Introducing IMGIC - A better frame-buffer compression

Besides the multi-GPU scalability, another big feature introduction to the B-Series is the addition of a completely new image compression algorithm, simply dubbed IMGIC, or Imagination Image Compression.

Compression is an integral part of modern GPUs as otherwise the designs would simply be memory bandwidth starved. To date, Imagination has been using PVRIC to achieve this. The problem with PVRIC was that it was a relatively uncompetitive compression format, falling behind in data compression ratio compared to other competitor techniques such as Arm’s AFBC (Arm Frame-Buffer Compression). This resulted in IMG GPUs using up more bandwidth than a comparable Arm GPU.

IMGIC is a completely new and redesigned compression algorithm that replaces PVRIC. Imagination touts this as the most advanced image compression technology, offering extreme bandwidth savings and a lot more flexibility compared to previous PVRIC designs. Amongst the flexibility aspect of things, IMGIC can now work on individual pixels instead of just smaller tiles or pixel groups.

Furthermore, the new algorithm is said to be 8x simpler than PVRIC, meaning the hardware implementation is also much simplified and achieves a significant are area reduction.

The new implementation gives vendors more scaling options, adding compression ratios down to a lossy 25% for extreme bandwidth savings. SoC vendors can use this to alleviate bandwidth starved scenarios or QoS scenarios where other IPs on the SoC should take priority.

Overall, the B-Series now offers a 35% reduction in bandwidth compared to the A-Series and previous generation Imagination GPU architectures, which is a rather large improvement given that memory bandwidth is a costly matter, both in terms of actual silicon cost as well as energy usage.

Configurations - Up to 4 GPUs at 6TFLOPs Introducing BXS Series: Functional Safety for Autonomy
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  • AMDSuperFan - Tuesday, October 13, 2020 - link

    I would like to see some benchmarks of this product against Big Navi to help me make a good decision. So far, nothing seems to measure up. Reply
  • myownfriend - Tuesday, October 13, 2020 - link

    The only places where it could really compare with Big Navi is if there's a game with a lot of overdraw that a maxed out B-series GPU would be able to rid itself of. Reply
  • persondb - Tuesday, October 13, 2020 - link

    Honestly, I am not fully understanding as to how this GPU is supposed to compete in the high perfomance computing market. AFAIK, that market is hungry for tflops(as well as fast memory) yet this does not seem to deliver enough tflops.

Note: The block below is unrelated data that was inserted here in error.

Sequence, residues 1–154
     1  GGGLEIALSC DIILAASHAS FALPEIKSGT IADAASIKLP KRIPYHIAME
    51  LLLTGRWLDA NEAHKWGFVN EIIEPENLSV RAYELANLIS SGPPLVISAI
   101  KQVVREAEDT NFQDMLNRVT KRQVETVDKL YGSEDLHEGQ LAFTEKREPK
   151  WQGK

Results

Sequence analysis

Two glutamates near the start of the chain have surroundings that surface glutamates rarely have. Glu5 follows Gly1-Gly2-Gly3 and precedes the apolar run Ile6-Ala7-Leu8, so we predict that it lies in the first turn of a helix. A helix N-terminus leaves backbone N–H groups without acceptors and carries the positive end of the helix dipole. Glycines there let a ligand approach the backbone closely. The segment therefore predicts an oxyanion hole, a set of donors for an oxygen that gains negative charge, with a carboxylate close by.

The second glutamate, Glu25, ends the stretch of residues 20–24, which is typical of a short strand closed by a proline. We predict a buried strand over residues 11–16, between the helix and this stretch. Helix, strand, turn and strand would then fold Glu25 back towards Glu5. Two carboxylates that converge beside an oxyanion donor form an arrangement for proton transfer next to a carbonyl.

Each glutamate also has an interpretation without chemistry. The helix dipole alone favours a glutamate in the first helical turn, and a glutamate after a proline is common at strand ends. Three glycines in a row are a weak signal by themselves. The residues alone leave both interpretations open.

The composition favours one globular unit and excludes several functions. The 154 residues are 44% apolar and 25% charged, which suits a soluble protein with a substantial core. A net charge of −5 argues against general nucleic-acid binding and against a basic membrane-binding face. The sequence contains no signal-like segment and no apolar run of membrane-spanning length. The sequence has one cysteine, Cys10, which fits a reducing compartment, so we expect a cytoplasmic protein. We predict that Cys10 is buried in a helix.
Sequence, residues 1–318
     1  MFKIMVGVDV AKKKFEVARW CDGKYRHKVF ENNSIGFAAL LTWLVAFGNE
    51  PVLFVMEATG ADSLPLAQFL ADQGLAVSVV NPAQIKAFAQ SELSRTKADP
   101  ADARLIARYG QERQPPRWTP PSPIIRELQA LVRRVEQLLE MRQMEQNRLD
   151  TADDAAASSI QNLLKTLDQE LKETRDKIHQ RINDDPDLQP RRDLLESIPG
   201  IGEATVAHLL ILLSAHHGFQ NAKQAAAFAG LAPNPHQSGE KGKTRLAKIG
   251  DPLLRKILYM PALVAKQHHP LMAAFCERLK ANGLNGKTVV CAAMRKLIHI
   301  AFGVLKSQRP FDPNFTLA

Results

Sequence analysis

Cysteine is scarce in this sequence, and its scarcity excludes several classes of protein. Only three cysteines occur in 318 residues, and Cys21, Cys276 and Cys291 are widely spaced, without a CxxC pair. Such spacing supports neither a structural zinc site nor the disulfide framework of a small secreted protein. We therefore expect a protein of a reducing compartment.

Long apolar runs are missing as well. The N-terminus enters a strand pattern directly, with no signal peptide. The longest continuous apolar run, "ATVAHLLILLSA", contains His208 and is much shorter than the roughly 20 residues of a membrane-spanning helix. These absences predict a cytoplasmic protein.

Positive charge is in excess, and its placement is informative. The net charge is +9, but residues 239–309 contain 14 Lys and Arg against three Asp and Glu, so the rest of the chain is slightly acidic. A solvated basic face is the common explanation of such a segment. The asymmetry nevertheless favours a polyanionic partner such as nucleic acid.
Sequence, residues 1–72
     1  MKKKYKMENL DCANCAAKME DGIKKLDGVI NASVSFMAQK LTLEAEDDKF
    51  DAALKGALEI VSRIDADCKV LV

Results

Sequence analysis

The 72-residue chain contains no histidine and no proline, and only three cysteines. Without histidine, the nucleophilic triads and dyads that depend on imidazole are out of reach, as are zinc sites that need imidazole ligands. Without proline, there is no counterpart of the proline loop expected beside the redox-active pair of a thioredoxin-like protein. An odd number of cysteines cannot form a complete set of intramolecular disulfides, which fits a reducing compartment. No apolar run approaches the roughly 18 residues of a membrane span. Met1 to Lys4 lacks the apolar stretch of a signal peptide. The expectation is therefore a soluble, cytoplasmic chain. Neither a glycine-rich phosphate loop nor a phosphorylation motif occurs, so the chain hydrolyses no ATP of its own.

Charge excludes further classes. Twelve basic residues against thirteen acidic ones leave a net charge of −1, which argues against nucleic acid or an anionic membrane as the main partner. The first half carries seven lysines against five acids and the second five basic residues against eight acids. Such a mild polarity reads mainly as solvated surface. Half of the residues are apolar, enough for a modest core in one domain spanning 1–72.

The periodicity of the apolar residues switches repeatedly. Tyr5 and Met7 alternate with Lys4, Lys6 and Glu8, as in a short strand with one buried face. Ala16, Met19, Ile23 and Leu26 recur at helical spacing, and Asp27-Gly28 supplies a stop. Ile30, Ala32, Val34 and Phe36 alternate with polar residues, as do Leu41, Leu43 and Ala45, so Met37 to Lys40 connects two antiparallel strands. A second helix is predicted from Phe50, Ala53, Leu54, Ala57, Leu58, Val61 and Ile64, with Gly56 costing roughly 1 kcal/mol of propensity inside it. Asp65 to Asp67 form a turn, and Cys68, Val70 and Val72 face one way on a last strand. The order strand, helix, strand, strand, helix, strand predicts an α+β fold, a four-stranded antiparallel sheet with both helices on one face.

In fact, it's very disappointing specially for the tradeoffs that you would be forced to do in a multi-chiplet design. There are also a bunch of design decisions, that seem like they would hurt latency and possibly performance as well.

    The article mentions that it has two possible configurations, one where a 'primary' GPU works as a 'firmware processor' to divide the workload across the other GPUs, in that kind of thing, it would seem to me that it would add some latency and overhead over the more traditional GPU. While the other configuration lacks a firmware processor but is completely limited by the primary GPU geometry unit.

    Funnily enough, it don't seem like they have provided any detail about the memory controllers nor about the cache, possibly because it would be obvious that such a configuration would have it's severe tradeoff? There is also nothing about the interconnect that would link the GPUs together, this is an important one as it can have great impacts on the latency. You need to have them have some data sharing unless each GPU would only utilize the data it can get through it's own memory controller, but that could lead to problems too.

    There are a bunch of things there that can increase latency and hamper performance. I personally would be skeptical about this until it releases and there are information on how this actually goes.
    Reply
  • myownfriend - Wednesday, October 14, 2020 - link

    This design is not forcing anybody to go with chiplets. These multiple GPUs can be placed on one chip. As far as peak TFLOPS and fast memory, my guess is that you aren't familiar with tile-based rendering, specifically Imagination's Tile-Based Deferred Renderer, does.